Q: Why is my cat sneezing blood?

A: Bleeding from the nose of a cat is usually due to trauma after falling or bumping into a stiff object. However, if the bloody discharge is accompanied by uncontrollable sneezing, a foreign object may be stuck inside your cat’s nose. The vet is the best person to remove this to prevent further complications.

Q: Why is my cat sneezing and coughing?

A: Your cat may cough and sneeze at the same time if it inhaled and swallowed irritants. However, if your cat is gagging and coughing more, it might be dealing with hairballs. Coughing and sneezing that lingers for days is a sign of upper respiratory infection. This should be brought to the vet’s attention for proper treatment.

Q: Why is my cat sneezing all the time?

A: Isolated sneezing from time to time is normal. However, if your cat’s sniffles happen every day, it could be a sign of an infection or allergic reaction. Veterinarians will take a swab of your cat’s nasal discharge to diagnose the problem. It can be anything from bacterial, viral, to fungal infections.

Q: Why is my cat sneezing and watery eyes?

A: Sneezing, followed by a watery eye discharge is usually a sign of a viral infection. It could be a calicivirus or herpesvirus. Whatever the cause is, it requires immediate veterinarian care. It may also be accompanied by congestion, drooling, and poor appetite.

Q: Why is my cat sneezing so much lately?

A: If your cat has been sneezing in the past few days, your pet may be suffering from a viral infection. Less serious conditions include nose tickle, irritation, and allergies.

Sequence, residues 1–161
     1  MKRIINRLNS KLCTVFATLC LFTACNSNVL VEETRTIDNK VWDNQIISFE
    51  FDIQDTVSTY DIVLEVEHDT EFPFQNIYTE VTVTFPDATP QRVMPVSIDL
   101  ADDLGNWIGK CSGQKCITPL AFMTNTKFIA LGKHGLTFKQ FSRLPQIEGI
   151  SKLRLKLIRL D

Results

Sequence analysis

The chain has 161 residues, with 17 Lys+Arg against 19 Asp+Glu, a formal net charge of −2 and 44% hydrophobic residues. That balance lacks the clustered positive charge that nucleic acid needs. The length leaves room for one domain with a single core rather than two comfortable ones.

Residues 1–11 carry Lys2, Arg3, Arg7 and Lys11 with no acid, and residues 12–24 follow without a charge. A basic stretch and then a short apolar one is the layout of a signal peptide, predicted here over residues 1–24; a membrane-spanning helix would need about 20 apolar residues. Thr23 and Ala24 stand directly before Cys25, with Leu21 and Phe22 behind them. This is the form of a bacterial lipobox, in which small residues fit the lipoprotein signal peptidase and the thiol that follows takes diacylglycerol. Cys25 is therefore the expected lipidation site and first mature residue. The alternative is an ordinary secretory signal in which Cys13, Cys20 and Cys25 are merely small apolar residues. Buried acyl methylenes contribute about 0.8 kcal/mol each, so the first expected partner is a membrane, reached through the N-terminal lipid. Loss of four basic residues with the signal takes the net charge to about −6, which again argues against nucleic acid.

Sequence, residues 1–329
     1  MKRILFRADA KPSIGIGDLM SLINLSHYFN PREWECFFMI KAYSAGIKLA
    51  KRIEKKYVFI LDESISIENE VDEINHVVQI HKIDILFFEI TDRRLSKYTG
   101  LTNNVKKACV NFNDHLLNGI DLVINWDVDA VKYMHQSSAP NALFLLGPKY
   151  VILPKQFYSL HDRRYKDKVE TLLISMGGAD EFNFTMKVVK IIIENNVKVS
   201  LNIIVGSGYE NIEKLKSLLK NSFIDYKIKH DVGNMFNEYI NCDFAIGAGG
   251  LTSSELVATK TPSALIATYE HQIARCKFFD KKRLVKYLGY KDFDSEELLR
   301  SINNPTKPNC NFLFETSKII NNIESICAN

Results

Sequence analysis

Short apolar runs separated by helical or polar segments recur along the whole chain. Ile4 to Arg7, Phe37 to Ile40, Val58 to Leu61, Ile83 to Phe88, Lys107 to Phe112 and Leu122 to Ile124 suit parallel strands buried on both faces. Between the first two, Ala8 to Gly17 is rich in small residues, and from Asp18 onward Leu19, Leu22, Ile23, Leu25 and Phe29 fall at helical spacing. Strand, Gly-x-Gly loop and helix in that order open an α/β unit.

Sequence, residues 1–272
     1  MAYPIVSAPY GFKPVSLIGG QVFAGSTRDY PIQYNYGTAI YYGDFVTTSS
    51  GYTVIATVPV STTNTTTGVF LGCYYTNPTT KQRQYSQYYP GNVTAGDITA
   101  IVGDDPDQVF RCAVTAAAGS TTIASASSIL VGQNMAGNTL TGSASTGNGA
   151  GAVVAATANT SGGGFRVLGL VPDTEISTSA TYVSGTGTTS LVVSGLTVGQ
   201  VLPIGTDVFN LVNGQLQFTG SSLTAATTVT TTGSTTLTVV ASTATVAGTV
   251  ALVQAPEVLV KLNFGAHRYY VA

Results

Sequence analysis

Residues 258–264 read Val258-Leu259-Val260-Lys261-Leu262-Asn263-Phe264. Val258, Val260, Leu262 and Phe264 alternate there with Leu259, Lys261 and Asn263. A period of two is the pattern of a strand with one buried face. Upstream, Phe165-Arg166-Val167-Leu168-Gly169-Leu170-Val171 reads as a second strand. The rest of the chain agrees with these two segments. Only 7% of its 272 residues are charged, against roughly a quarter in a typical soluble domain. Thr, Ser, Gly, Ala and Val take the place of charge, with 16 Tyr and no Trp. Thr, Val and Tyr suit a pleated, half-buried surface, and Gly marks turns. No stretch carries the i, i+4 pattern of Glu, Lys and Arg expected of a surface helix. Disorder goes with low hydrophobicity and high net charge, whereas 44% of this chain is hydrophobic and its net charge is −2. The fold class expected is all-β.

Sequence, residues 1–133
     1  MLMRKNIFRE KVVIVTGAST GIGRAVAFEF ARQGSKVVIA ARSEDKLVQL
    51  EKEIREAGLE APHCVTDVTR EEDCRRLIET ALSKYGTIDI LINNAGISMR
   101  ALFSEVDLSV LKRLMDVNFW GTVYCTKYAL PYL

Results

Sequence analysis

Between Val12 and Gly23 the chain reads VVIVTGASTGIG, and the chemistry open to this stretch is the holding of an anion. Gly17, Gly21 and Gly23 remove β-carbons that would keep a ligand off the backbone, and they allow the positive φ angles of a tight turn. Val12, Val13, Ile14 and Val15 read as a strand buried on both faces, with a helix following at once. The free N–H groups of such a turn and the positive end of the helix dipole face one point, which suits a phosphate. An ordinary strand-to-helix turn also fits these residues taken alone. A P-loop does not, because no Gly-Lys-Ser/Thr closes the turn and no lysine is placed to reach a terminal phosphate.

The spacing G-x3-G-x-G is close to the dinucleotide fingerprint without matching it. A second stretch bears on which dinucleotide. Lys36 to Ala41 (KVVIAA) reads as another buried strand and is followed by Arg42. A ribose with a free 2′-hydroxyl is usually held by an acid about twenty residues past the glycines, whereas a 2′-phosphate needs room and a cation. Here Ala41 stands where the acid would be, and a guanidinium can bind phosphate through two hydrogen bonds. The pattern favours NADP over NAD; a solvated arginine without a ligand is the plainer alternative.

Q: Why is my cat drooling and sneezing?

A: An upper respiratory infection (URI) can lead to a slew of symptoms. This includes drooling, sneezing, squinting, and watery eyes. URI is rampant among cats in shelters and rescue facilities. If you just adopted a cat, it’s best to bring it to the vet right away for a general check-up.

Q: Why is my cat sneezing uncontrollably?

A: Uncontrollable sneezing happens when a foreign object gets stuck inside your cat’s nose. As long as the object is inside the cat’s nose, your pet will try to expel it through forceful and uncontrollable sneezing. This can be a bothersome feeling for your cat, which may affect its behavior, appetite, and overall health.

Q: Why is my cat sneezing and throwing up?

A: If your cat is sneezing and vomiting, your pet may be infected with feline infectious peritonitis (FIP). FIP is a highly contagious health condition caused by feline coronavirus (FCoV). The dry form of this condition can lead to vomiting, diarrhea, nasal discharge, eye problems, and seizures. You need the help of a veterinarian to deal with this problem, especially if you have a multi-cat household.

Conclusion

Why is my cat sneezing a lot? It could be due to irritants, allergies, or respiratory problems. Most sneezing cases aren’t severe, but if the symptoms linger on your cat, it’s best to consult with the vet. This will help prevent further complications and discomfort on the part of your pet.